What is the point of keeping all the neon and other electric signs for businesses blazing around the clock, even when they’re not open? Top-of-mind recognition perhaps, but given the fact that we are facing mass starvation and, ultimately, extinction, I think it’s fair to require businesses around the world to forego that mediocre branding tactic.
When businesses are not open for business, none of the lights should stay lit.
Let’s kill ’em so they can’t continue killing us.
While we’re at it, we don’t need absurdities like Times Square in New York City, either. Skuttle all the blinking capitalist signs, already.
Shut ’Em Down
Related to that, why is it necessary for businesses and organizations to leave all their office lights on all night long when no-one is there? When the cleaning crews call it a night, so should the lights. I mean, smart businesses find ways to make money even when their people aren’t working; in the case of their electricity usage, why do they accept losing money while no-one is working?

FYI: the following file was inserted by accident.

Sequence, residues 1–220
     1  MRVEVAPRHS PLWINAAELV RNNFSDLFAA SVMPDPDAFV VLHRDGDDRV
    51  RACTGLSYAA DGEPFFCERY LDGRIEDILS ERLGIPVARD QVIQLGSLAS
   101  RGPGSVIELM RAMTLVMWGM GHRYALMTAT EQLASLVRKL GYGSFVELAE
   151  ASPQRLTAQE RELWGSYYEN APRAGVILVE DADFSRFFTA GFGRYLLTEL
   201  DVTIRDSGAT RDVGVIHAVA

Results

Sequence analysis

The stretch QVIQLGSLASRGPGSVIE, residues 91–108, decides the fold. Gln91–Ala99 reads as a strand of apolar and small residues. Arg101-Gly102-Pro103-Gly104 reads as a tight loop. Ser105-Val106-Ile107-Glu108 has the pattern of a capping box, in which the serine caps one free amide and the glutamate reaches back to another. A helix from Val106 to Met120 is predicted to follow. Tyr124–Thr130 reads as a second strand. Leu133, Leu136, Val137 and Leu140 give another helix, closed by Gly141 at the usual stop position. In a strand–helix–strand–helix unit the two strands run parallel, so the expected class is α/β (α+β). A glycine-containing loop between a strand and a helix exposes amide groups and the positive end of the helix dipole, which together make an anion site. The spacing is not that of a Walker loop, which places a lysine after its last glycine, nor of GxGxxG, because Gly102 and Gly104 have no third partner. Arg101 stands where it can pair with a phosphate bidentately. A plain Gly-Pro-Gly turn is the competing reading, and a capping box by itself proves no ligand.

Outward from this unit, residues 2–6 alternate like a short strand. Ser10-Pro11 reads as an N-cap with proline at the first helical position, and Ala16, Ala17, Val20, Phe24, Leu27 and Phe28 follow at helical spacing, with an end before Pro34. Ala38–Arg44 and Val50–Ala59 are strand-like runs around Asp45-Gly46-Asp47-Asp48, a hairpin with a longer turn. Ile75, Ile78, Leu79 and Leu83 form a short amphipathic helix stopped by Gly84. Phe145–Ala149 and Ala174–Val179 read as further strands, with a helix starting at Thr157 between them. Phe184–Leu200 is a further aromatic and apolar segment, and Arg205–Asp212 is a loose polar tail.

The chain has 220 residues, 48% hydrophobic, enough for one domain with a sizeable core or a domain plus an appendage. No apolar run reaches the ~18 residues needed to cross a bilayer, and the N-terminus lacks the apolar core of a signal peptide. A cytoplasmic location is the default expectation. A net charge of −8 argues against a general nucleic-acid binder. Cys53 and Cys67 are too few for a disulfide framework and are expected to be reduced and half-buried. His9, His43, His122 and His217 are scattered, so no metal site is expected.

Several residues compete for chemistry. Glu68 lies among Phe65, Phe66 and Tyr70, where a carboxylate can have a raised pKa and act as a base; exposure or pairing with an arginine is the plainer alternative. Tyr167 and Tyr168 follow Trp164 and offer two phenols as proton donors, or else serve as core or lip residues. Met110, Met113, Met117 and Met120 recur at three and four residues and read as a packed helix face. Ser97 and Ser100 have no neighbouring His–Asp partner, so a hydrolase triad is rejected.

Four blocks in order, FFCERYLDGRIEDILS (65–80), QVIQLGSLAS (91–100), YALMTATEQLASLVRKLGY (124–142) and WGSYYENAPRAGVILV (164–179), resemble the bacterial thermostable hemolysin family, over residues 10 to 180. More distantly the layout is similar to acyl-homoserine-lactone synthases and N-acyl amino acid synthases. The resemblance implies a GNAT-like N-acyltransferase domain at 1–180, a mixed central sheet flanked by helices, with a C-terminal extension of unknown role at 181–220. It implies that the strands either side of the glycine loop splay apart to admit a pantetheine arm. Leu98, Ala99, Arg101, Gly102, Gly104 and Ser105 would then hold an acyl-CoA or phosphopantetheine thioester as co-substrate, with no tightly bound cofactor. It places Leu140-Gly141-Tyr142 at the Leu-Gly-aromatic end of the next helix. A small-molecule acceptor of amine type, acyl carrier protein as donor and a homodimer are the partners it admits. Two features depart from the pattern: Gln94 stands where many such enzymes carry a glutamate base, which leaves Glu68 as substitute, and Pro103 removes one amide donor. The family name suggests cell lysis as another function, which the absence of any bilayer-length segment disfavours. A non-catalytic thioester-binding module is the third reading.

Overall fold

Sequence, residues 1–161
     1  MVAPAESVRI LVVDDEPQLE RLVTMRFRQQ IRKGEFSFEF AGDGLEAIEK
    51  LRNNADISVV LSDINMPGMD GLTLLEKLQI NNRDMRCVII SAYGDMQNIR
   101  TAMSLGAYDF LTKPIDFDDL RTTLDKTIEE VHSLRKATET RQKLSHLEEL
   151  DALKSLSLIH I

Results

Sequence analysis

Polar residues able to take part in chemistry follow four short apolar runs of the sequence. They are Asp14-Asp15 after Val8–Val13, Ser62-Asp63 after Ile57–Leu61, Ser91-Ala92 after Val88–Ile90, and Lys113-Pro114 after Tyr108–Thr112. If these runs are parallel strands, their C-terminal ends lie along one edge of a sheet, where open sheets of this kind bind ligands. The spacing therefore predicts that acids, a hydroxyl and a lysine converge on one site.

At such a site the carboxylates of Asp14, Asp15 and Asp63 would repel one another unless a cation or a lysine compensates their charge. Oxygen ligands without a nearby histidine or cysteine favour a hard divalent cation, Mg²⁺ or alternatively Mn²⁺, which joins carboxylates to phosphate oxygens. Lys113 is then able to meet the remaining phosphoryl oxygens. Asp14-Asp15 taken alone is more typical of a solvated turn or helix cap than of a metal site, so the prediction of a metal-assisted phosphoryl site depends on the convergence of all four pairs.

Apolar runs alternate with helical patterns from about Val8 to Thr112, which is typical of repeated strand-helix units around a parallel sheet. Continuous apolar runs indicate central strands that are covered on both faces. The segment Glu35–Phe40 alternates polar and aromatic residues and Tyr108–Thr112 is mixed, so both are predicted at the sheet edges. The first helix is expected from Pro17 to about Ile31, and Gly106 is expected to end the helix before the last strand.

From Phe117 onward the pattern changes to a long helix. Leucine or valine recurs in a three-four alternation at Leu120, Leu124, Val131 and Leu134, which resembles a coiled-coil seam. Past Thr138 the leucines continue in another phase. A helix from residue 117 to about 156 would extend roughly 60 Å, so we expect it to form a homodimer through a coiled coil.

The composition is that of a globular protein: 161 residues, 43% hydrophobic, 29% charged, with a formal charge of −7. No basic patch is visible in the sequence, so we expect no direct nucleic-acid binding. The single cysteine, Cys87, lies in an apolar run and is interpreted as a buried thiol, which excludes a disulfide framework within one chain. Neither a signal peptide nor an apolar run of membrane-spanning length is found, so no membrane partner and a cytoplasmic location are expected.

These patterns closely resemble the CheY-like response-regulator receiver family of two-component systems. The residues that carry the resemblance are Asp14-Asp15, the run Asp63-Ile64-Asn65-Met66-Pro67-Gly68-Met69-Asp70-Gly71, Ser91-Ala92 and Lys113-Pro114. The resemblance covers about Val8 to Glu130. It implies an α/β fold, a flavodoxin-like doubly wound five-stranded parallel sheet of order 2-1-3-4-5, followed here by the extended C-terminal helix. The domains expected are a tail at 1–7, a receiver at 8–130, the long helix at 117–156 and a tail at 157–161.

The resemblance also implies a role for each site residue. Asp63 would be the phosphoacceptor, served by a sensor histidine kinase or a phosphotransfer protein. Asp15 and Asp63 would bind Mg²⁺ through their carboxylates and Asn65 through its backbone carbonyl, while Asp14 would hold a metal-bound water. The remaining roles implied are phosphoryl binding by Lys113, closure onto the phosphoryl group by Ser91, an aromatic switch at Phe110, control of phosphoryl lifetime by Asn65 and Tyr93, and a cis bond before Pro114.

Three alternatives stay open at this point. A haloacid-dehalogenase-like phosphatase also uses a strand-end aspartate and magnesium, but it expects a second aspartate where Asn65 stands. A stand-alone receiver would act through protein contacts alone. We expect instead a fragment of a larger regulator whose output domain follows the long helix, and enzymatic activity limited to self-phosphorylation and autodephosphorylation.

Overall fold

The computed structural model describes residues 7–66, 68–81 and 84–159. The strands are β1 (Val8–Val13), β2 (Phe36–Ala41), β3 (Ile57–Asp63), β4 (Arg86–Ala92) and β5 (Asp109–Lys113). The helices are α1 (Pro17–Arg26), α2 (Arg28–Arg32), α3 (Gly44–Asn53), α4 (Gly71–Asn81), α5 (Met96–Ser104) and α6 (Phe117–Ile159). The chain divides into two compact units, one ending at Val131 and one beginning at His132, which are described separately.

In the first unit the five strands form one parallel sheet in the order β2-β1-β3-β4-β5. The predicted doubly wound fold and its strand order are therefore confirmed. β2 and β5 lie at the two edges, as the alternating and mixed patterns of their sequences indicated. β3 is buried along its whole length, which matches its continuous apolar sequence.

Kick the Can Lights
How is it that the mantra our parents laid on each of us at least a gazillion times when we were growing up got thrown out the window as soon as we grew up?
When you leave a room, switch off the lights.
Yet in millions of businesses, employees fail to do it when they walk out of the bathroom.
How and why has wasting electricity at work been normalized?
I got into a semi-heated email exchange about this with a fellow employee at an advertising agency I worked for back in the early 2000s.